SUVA, Fiji, Oct 28: Fiji Prime Minister Laisenia Qarase vowed today to deal with his defiant army chief, saying his powerful rival's threats to force the recently re-elected government to resign were destabilising the country.
A showdown is looming between Qarase and Commander Frank Bainimarama who returns next week after visiting Fijian troops in the West Asia.
Bainimarama, who appointed Qarase as interim leader after declaring martial law to end a coup by armed nationalists in May 2000, gave Qarase a three-week ultimatum on Octobter 17 to drop two controversial bills or he would be forced to resign.
''We are taking them seriously and obviously we'll have to deal with him,'' Qarase said of the threats.
''I cannot disclose to the media what I intend to do,'' he told Reuters.
Fiji's two main cities, the tourism hub of Nadi and the capital Suva, were both calm today but the standoff has embarrassed Fiji at a time when it was hosting a regional forum.
Neighbours Australia and New Zealand are worried about the possibility of more upheaval, and the European Union has said the army must be subordinate to the government which won free and fair elections in May. Washington has warned its citizens ''to be aware that civil-military unrest in November is possible''.
Angry at what he believes is the lenient treatment of those behind the 2000 coup and a bloody attempted army mutiny six months later, Bainimarama has repeatedly threatened to oust Qarase's largely indigenous government.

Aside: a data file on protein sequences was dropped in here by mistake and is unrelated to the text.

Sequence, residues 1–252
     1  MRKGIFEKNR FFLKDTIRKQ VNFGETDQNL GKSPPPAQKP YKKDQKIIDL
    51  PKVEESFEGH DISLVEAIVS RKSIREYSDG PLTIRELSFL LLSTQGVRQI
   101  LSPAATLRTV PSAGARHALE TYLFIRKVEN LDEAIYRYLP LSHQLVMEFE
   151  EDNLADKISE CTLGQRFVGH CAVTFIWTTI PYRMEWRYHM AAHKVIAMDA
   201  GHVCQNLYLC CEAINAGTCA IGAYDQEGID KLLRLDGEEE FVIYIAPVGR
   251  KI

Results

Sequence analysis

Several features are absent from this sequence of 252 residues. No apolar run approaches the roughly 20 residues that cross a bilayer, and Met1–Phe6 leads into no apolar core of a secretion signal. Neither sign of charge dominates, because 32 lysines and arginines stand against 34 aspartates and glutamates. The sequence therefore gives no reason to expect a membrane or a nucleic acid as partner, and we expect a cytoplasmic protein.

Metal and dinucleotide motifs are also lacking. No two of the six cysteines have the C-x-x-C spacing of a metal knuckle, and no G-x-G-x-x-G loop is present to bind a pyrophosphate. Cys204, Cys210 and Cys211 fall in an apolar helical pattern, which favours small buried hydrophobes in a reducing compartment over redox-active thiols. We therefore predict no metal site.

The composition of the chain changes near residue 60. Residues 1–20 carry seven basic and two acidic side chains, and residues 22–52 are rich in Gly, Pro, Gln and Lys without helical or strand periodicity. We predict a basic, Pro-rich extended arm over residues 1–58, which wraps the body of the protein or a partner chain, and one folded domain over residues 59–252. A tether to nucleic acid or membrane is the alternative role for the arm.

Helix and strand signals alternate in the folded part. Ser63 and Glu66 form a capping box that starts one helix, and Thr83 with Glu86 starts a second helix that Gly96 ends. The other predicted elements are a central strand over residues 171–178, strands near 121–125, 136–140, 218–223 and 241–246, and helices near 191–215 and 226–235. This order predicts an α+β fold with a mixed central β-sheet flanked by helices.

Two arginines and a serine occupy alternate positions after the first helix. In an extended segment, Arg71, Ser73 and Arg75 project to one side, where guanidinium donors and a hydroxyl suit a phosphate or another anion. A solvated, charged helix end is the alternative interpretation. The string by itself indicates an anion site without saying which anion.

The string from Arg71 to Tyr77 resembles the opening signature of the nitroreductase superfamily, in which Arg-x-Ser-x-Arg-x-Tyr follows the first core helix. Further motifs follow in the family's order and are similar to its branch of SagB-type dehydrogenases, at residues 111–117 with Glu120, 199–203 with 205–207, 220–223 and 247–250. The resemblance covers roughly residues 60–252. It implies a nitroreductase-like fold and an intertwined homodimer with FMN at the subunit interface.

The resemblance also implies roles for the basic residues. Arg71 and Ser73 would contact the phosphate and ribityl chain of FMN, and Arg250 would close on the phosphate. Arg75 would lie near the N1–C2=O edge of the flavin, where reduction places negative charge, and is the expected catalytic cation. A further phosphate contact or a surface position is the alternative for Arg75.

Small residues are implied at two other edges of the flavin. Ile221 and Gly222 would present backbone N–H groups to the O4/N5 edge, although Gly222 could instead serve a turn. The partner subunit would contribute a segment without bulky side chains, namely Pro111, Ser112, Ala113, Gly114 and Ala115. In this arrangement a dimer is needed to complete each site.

Fiji has suffered three coups and a mutiny since 1987.
''We just can't afford another one, it would be a total disaster,'' Qarase said.
PRESIDENT'S POOR HEALTH
Under Fiji's multiracial constitution, only President Ratu Josefa Iloilo has the power to sack Bainimarama. But Iloilo is in his 80s and in failing health and is rarely seen in public. The military in turn is angry over attempts to force Iloilo, seen by many as a lame-duck president, to step aside.
''Those who said that he is ineffective are blatantly disrespectful and any challenge to his authority is also a challenge to the constitutional role of the Republic of Fiji Military Forces,'' army spokesman Major Neumi Leweni said.
Qarase said in January that it was up to Vice President Ratu Joni Madraiwiwi, Iloilo's most likely successor, to sort out the impasse with Bainimarama if Iloilo could not.
Qarase said he did not know exactly when Bainimarama would return but thought it would be some time next week, slightly earlier than expected.
Fiji police have said that they will talk to Bainimarama when he returns, adding another potential element to the standoff.
Past political instability has mainly stemmed from divisions between indigenous Fijians who fear losing political power and ethnic Indians who dominate the tourism- and sugar-led economy.
Bainimarama is angry with proposed legislation that would grant amnesty to some participants in the 2000 coup and another bill that would enshrine indigenous ownership of coastal land, which he fears would hurt an already hard-hit tourism industry.
The army is also angry over links between a former official from Qarase's political party and Australian conman Peter Foster, who was arrested in Fiji this week.
Qarase said Bainimarama's repeated calls for him to step down were destabilising the country.
''They are keeping investors away, or at the very least making them think twice about coming to Fiji,'' he said.